Every week it looks like we’re headed closer and closer to a constitutional crisis. Darth Tweeter and a whole helluva lot of his associates are in a wee spot of trouble over that whole Russia thing.
Rumors have it that the Tanning Bed Emperor will strike back by either preemptively pardoning everyone; pardoning himself; firing Muller, the independent investigator; pushing Sessions to resign so he can appoint someone who can and will fire Muller; and so on.
All right, but what is a constitutional crisis in the first place?
A constitutional crisis, in one sense, is a showdown between the different branches of the government where the way things have been done in the past won’t save us from a current mess. We could see this kind of constitutional crisis in case of an impending impeachment vote, where Congress would be pitted against a disgraced President. Our mentally-ill president could in response, say, try to deploy troops (or the Boy Scouts of America) to defend himself.
A constitutional crisis can also come about from someone in the government wilfully violating established or unspoken constitutional norms. We could see this kind of constitutional crisis go down if Muller tries to bring criminal charges against the President. People have long assumed that the president cannot be criminally indicted under the Constitution, but no one knows for sure, and there are some who argue that you can bring criminal charges against the President. The Supreme Court would certainly have to step in and pick a side.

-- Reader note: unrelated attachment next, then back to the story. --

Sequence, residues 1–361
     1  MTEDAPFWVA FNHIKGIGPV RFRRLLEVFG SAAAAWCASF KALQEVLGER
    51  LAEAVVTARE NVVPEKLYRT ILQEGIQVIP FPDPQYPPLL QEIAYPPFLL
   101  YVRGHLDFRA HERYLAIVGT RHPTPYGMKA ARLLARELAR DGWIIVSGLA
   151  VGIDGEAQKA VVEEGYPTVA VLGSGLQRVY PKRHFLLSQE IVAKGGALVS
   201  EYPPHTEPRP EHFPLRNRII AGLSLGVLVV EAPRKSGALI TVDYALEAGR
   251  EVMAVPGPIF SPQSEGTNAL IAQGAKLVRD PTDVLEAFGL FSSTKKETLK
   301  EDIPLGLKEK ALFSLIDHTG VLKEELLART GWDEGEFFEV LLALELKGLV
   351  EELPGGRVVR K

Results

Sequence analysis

Have we lived through constitutional crises before?
The United States has gone through plenty of constitutional crises before. Remember the Civil War? Watergate? How about the Nullification Crisis of 1832? (Yeah, me neither).
The most relevant of these, of course, is Watergate. Watergate took just shy of two years to fully come to a head and then resolve with the resignation of President Nixon. So, six months into a Trump presidency, there’s plenty of time for everything to get more unpleasant.
Trump and his advisors will surely have learned a thing or two from the way Nixon handled his own crisis. Or maybe not. The President is well known for his unpredictable nature and his inability to take advice. So we could be in for another Saturday Night Massacre, when Nixon fired four DOJ executives before he found someone who would fire the Watergate independent investigator. For now, Trump is being more patient.
But do we have enough popcorn to get us through this?
One thing’s for sure. This is all very entertaining. So far, Trump has been about as effective at dealing with his Russia scandal as a stormtrooper at a shooting gallery. Before we’re through, Supreme Court nerds will probably have a major decision to pour over and Trump might bring down his business empire by inviting a close look at his business ties.
So kick back and enjoy. At least until we have to get out the pitchforks (selfie sticks?) and march on Washington.